When first beginning to explore meditation, it can be very difficult to figure out how to get started. We often want to jump straight into becoming a meditation master!
Many of us lack the ability or the time to spend hours in deep states of consciousness. This series of posts seeks to explore beginning meditation methods. Some of the methods shared will only require 5 minutes!
The key is to allow yourself to try! No one will become a meditation expert overnight, but trying a simple 5 minute exercise can help to build important focus and relaxation skills. These small skills can lead to a more satisfying spiritual practice.
What are the benefits of this method?
This practice can help begin to clear the “clutter” from your mind. If you are feeling overwhelmed, anxious or burdened about something in your life, this meditation method helps to clear away other distractions and “make peace” with the concern you have.
Five Minute Meditation #1: The Paper Method
Quick Reference Slide
Instructions for Five Minute Meditation
- Find a quiet place
- Write down a concern, source of anxiety, goal or something else that is on your mind.
- Spend the next 1-2 minutes staring at the words on the paper.
- Close your eyes.
- Begin folding the paper over and over again until it won’t fold any longer. Some people have found it more satisfying to rip the piece of paper into smaller and smaller pieces instead of using the folding method. Feel free to use whichever method works best for you.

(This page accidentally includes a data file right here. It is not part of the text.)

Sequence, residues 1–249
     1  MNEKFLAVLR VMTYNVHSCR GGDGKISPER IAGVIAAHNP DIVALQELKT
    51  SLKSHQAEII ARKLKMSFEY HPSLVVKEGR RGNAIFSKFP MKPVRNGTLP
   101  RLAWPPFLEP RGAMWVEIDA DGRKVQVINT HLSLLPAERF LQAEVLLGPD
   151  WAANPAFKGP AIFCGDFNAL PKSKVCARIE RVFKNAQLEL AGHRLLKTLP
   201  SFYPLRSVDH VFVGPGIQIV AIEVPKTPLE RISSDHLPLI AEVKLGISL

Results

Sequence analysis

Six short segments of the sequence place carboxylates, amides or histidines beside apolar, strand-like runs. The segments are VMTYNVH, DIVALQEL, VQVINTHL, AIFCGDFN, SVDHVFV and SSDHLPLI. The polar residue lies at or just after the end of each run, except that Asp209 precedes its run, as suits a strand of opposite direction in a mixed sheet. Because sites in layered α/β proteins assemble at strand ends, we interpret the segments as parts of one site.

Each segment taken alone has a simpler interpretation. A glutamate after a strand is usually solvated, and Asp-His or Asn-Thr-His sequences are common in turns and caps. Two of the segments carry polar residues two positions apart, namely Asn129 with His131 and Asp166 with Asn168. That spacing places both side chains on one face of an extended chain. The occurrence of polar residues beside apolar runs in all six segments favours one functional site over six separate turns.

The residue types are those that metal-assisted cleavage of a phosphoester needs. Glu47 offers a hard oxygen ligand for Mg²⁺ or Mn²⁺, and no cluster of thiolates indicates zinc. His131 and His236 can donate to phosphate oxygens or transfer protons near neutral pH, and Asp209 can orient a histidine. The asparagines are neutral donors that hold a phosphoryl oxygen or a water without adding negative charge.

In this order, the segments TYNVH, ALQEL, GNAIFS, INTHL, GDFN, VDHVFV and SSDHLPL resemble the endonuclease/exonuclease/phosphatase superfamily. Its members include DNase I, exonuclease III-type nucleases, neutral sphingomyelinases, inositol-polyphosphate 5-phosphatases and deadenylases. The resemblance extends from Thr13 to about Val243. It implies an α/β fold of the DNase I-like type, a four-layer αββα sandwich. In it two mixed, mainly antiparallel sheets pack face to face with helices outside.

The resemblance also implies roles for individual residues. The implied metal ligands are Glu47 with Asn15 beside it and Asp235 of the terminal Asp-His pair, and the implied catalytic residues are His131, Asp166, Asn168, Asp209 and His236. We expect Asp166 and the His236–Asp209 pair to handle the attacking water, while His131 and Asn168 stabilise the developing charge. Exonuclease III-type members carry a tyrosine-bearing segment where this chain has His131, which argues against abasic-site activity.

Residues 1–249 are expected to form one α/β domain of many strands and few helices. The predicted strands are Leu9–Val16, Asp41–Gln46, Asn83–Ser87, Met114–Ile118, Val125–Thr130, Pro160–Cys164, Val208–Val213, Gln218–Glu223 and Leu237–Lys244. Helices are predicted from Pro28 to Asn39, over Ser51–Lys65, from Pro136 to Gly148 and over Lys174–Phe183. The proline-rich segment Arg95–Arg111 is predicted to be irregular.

The physical act of folding or tearing the paper gives you a chance to “make peace” with the source of your anxiety or concern. We are tying a physical act to the thought. We are quite literally “pushing away” harmful thoughts.
You may notice a sense of relief right away or you may not notice anything at all. Like anything else, it takes time to develop an effective spiritual practice. The important thing is you’ve taken the first step!
Things to note:
- If you have a busy chaotic environment, do the best you can to get away. You may try sneaking off to the bathroom, garage or outside to a nearby park.
- When staring at the word on the piece of paper, let thoughts come, but don’t obsess over them. Treat them as a stranger who just walked past you on the street, give a polite nod and then move on.
- When you have finished fold or tearing your paper, give yourself a moment to collect yourself and take a deep breath before returning to the buzz of life.
Watch the Video!
Other Meditation Resources